Intel has launched what it is calling the "world's smallest standalone 3G modem", designed to try and push IT firmly into the Internet of Things generation.
The XMM 6255 chipset is 10mm wide and just 300mm squared in total, and uses the company's new Power Transceiver technology to deliver what it calls the "industry's first design to combine, transmit and receive functionality with a fully-integrated power amplifier and power management".
All this on a single, tiny chip.
Intel seems keen on positioning the tech towards wearables, smart meters and other sensors in industrial equipment and for home use.
"Today, we commercially launched the XMM 6255 to provide a wireless solution for the billions of 'smart' and connected devices that are expected in the coming years," Intel stated.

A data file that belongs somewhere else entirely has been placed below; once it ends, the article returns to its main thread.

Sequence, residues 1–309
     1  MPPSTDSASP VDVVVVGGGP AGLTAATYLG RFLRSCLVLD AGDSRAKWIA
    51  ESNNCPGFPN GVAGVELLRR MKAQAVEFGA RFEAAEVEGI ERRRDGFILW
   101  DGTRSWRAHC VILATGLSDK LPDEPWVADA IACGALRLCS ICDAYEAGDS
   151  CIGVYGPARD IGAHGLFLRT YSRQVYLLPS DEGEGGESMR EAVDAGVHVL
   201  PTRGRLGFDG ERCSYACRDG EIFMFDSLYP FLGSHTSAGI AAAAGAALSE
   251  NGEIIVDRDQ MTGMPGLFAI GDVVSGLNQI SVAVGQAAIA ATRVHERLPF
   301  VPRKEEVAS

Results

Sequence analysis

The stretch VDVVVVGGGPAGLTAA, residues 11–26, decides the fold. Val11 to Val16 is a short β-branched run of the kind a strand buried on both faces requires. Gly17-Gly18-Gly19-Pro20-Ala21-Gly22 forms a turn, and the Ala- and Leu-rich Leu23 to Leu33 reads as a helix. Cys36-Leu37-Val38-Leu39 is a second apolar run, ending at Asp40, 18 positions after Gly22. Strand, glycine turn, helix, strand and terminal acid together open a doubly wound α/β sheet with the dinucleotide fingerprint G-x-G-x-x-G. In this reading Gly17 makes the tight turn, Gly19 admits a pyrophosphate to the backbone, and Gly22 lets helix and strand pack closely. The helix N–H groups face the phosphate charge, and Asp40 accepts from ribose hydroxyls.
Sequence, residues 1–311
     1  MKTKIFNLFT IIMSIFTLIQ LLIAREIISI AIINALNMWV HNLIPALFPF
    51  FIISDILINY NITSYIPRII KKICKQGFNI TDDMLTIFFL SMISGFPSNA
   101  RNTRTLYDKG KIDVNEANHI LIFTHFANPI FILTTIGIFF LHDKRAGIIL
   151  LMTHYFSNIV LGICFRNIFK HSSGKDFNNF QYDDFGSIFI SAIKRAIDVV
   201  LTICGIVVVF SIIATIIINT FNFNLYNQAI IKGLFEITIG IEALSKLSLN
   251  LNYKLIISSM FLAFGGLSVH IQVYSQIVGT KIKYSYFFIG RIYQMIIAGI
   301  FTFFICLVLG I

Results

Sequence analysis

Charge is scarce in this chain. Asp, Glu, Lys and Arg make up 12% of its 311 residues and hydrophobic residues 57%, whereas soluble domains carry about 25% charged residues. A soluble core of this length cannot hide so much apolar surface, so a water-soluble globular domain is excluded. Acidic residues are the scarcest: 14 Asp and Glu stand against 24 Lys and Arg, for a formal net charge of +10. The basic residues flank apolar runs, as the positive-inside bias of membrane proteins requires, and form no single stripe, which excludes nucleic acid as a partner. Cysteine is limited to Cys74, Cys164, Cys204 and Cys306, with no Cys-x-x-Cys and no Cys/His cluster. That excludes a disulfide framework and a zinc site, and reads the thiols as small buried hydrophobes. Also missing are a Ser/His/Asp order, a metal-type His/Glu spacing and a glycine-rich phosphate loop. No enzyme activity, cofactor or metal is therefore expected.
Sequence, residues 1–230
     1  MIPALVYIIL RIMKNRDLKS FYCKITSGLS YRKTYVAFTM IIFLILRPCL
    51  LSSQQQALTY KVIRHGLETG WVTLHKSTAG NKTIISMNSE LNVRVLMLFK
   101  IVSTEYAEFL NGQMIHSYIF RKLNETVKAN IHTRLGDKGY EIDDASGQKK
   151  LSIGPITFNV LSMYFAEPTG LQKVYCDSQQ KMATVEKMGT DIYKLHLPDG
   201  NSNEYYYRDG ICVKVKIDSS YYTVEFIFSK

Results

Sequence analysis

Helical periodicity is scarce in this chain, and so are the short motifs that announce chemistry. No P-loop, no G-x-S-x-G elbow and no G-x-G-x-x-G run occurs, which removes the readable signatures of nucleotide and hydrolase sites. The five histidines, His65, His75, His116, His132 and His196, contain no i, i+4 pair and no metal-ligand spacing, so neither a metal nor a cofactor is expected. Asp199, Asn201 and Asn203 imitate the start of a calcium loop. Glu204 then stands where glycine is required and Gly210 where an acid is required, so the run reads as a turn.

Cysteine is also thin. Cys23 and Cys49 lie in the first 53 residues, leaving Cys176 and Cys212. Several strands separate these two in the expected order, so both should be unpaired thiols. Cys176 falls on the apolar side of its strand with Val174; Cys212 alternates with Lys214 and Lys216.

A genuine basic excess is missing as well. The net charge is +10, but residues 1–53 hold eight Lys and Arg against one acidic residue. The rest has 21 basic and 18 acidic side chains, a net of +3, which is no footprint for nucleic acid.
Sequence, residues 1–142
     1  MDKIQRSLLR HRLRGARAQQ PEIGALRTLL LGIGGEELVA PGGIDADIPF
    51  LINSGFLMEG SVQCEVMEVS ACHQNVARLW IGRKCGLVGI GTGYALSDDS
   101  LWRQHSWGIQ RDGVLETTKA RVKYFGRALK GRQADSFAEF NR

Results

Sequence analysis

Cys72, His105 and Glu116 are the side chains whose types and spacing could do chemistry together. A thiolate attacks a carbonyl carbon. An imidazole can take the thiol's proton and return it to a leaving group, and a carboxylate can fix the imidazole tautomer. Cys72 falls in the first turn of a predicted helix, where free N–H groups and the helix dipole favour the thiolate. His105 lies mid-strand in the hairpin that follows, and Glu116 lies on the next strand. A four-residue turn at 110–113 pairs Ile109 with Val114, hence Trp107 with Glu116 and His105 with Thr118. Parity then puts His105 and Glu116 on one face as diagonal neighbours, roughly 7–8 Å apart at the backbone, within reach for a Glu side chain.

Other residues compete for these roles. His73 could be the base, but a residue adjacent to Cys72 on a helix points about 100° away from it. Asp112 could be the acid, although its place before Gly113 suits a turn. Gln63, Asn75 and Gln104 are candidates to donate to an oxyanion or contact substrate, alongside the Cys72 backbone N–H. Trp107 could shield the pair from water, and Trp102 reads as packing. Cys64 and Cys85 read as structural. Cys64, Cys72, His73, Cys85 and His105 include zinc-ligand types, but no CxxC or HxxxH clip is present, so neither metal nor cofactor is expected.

It believes that, so far, devices such as smart watches "may not have enough space for a normal-sized 3G antenna, which can affect connectivity quality and reliability". It admits that the on-board antennas don't meet current mobile phone antenna quality standards.
It doesn't need to, though - the 7.2Mbps download and 5.6Mbps upload speeds possible with the hardware are purely for local-area machine-to-machine communication, also able, says the company, to offer "reliable communication" in low-signal areas.